Making sense of the macroeconomic trends affecting financial markets can often be confusing and intimidating for many investors. This is especially so in the current pandemic situation, with financial markets roaring to new highs despite the real economy showing massive dislocations and problems.
What are we to make of the globally widening gap between the haves and have-nots, the rich and poor nations? How should we be looking at the cheap credit from central banks and the pace of recovery of battered economies, and what can we make of the outlook for the rest of 2021 and beyond?
In this session, we have invited Jamus Lim, Associate Professor at ESSEC Business School and Chief Economist Emeritus at ThirdRock Group, to be in conversation with Samuel Rhee, Chairman & Chief Investment Officer of Endowus. They will be discussing various topics, including:
- Do economists invest better than others?
- How do economists make sense of markets for investment firms and sovereign wealth funds?
- How should investors use macroeconomic indicators? How should they approach the latest buzz around things like inflation & interest rates?
- Do these even matter? How should investors adapt to different macro environments?
- What is the macro and market outlook for 2H 2021, including threats and opportunities?
0:00 Introduction to Endowus
9:33 Introduction to Jamus Lim
13:48 Insights on the direction of the global economy
16:32 Overview of G4 and BRIC Growth Performance
19:27 Recovery and growth projections around developed and emerging markets
23:14 What is the outlook for EM vs.DM from a growth perspective?
27:59 Inflation pressures on DM and EM economies
31:48 Understanding inflation trends, expectations and concerns in global markets
34:48 Poll: What do you think is the biggest macro-economic threat to the markets now?
41:53 QnA: Given the Fed’s generous quantitative easing policy, what is the likelihood of runaway, uncontrollable inflation? How should we hedge against hyperinflation?
47:41 What are your thoughts on the Fed being too market friendly?
50:45 Jamus’ thoughts on market and investment strategy
1:00:06 QnA: How do economists invest and do they time the market?
1:08:12 Poll: How do you think the markets will do this year?
Excerpts from the webinar
Insights on the direction of the global economy (13:48)
Jamus: We are a year and a half past the depths of the global crisis that resulted from Covid-19 and what we are seeing is that the recovery has been very divergent globally. You have clear laggards when it comes to regions of the world like Latin America and areas closer to Singapore. However, there is a global uptrend in the economy which is led by the U.S. and China. The rest of the world is a little bit more heterogeneous in terms of the rates of recovery but even in the laggards the uptrend is clear, we are no longer in the nadir that we experienced a year and a half ago.
Concomitant with that recovery has been the fact that inflation bells have begun to ring. As you may have heard, there are inventory shortages, especially in agricultural commodities and in industrial metals. Furthermore, energy prices have started to creep up past what had been a fairly standard trading range for a long time.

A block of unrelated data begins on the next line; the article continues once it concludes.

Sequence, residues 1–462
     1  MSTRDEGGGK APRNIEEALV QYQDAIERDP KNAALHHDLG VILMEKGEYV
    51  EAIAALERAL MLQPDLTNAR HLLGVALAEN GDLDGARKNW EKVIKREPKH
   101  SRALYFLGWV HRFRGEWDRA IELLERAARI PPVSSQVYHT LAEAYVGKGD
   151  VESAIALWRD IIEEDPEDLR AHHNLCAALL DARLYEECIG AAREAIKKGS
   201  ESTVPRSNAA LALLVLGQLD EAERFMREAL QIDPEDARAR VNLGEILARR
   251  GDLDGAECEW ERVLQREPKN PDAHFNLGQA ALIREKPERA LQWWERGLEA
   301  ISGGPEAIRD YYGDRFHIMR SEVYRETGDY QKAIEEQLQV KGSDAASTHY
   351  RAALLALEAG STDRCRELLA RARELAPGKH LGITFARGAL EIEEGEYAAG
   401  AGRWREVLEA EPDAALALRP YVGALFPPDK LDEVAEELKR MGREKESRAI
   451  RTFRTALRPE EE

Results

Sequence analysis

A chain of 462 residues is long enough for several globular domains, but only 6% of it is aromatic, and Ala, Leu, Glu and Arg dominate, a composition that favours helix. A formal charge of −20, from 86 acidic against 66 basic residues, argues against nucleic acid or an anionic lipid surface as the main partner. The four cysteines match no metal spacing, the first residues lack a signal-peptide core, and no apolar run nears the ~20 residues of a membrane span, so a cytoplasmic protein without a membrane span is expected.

The third point I wanted to bring across is that the steepening of the yield curve, which began earlier this year, has since stabilised over the past few months. The long end of the curve has stopped creeping up but real interest rates have begun to gradually rise from negative levels.
Recovery and growth projections around developed and emerging markets (19:27)
Jamus: If you look at developed markets you’ll see that the U.S. is clearly the leader among the economies and the Euro area is likely to be the next big winner because of their willingness to reopen.
Emerging markets tend to face a double whammy. Not only have they faced challenges insofar as export performances are concerned but they also face the challenge of being far behind in their ability to address the pandemic’s issues. This in part has to do with the fact that most of the vaccine roll out were distributed first in the developed markets. Therefore, depending on the rate of vaccinations and the comfort level that these economies have in reopening we will see varying degrees of rebound in emerging markets.
QnA: How do economists invest and do they time the market? (1:00:06)
Jamus: Vanguard has a retirement date fund that I like to use. How it works is that you choose your retirement date and Vanguard will then adjust your risk exposure consistent with your age as you move closer to that retirement age. This is a diversified fund that distributes between stocks and bonds depending on your age. Given my age, my retirement date fund is still predominantly stocks -- maybe 75% stocks and 25% bonds -- and most of those stocks fall within U.S. equities and the rest are DM equities and EM equities.
A lot of economists, especially academic economists like myself, do not have the wherewithal to focus on the day-to-day basis of the markets, so our ability to get in and out quickly is very limited. So our general recommendation is if you can’t allocate your whole focus on your investments and if you want to sleep calmly at night look to a long-term investing strategy.
QnA: Given the Fed’s generous quantitative easing policy, what is the likelihood of runaway, uncontrollable inflation? How should we hedge against hyperinflation? (41:53)
Jamus: While it’s true that the Fed has traditionally had a dual mandate, the more relevant regime and policy element is the recent change in the stance from a 2% inflation target to an average 2% inflation target. Though this might be a subtle change, it is a very important one because over the past year the Fed has undershot this target. This leads us to expect a higher realised set of inflation rates by the Fed.